Artist Profile: Kathleen Potts

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    Kathleen hanging artwork which is part of the show ‘The Opening’ 120cm x 120cm Acrylic and ink on Board - 2023
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    ‘Waterhole’ 72cm x 90cm (including frame) Ink, Charcoal and Graphite on Watercolour Paper - 2020
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    ‘The Impasse’ 120cm x 240cm Acrylic on Board - 2023

For artist Kathleen Potts, the making of an artwork is not always easy. It’s intuitive, messy, and the product of many late nights.

That’s why Gather in the scene has been a long time coming. Watching her paintings and drawings finally be hung on the walls of the Woolshed Gallery at Strathnairn Arts has been rewarding—but, for Kathleen, the moment she’s enjoyed the most is interacting with the people seeing the show for the first time.

Telling her own personal narrative through the works while offering the opportunity for viewers to open their imaginations and weave their own stories into the scenes, we sat down with Kathleen to talk about her artistic journey and how Gather in the scene came to life.

Tell us a bit about yourself—where did your journey in the world of art begin?

I grew up in country New Zealand in a small, isolated community on the East Coast of the North Island. The landscape had a big presence on me as a child, we had a range of mountains behind us and were surrounded by hills stretching out to the horizon in every other direction. These were big wide-open spaces which I spent a lot of time as a child roaming and exploring. It was a tactile and visceral experience growing up in the country.

It wasn’t until high school that I think I began to really focus on art, especially painting, and printmaking and I absolutely loved art history.

I had a fantastic teacher who organised a school trip to visit several well-known New Zealand artists—including Richard McWhannell, Philippa Blair, Nigel Brown—in their studios in Auckland. This was a pivotal trip and completely mind-blowing for a teenager who had grown up ‘in the middle of nowhere’. Besides my high school art teachers, I had never met any artists before or had any exposure to people using their creativity to make a living.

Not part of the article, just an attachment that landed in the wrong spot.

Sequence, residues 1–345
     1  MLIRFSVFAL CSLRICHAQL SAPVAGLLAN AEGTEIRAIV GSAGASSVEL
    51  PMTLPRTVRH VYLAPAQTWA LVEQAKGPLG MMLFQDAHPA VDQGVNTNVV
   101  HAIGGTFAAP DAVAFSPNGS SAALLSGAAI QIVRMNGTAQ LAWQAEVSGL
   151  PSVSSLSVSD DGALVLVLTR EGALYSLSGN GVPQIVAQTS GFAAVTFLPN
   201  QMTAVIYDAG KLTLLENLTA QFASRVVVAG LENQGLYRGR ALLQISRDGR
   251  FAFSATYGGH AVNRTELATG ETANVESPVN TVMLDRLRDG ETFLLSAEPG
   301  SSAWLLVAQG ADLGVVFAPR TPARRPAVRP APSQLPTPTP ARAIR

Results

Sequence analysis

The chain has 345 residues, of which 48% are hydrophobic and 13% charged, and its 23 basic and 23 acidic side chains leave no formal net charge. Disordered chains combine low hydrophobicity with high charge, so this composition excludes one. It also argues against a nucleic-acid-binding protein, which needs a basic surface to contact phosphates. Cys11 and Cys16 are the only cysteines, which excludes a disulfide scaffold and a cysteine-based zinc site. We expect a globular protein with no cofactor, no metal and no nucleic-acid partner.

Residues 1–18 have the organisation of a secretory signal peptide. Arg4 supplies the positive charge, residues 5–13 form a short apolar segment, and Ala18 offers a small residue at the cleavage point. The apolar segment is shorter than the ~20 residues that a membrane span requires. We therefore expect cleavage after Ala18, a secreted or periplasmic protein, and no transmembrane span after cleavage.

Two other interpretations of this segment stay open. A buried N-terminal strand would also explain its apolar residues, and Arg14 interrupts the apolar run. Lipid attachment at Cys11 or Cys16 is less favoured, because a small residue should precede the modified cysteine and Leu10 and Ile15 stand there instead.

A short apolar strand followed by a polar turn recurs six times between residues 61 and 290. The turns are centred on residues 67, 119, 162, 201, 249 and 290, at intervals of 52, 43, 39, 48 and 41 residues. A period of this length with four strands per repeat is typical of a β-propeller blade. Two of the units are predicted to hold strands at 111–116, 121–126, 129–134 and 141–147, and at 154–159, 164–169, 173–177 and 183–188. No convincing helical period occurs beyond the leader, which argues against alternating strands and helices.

After high school, I was determined to further my education in fine arts and went on to complete a Bachelor of Fine Arts Degree majoring in painting at the then Quay School of Fine Arts in Whanganui.

Like many small-town Kiwis, travel was a priority and a few years after graduating I moved to Sydney. I have called Canberra home for the last 15 years. It has been in the last five years that I have been in a position to return to painting and drawing more seriously.

What inspired your latest exhibition, Gather in the scene?

The landscape in Canberra is incredibly inspiring and there is a lot about it which reminds me of where I grew up in New Zealand. I love the fact you can look up into the night sky here and see the stars, that we are close to the mountains and rivers, we have those spectacular days of wide-open blue sky, and that we feel the seasons in Canberra. I think this helps ground us to the landscape because we feel its presence here so strongly. There are so many beautiful locations in and around Canberra.

Gather in the scene draws on nature and looks at themes such as impermanency and memory of place. Through gestural mark-making and colour play my aim is to bring real and imagined scenes together. I enjoy blending the real with the abstract and feel it sets up a time to think and opens our imagination to possibilities, to look at the world around us from a different view, and follow the stories which appear as a way to thread our memories together.

Why did you choose to use the local landscapes of Shepherds Lookout, Uriarra Crossing, and Dickson Wetlands to explore the theme of impermanency?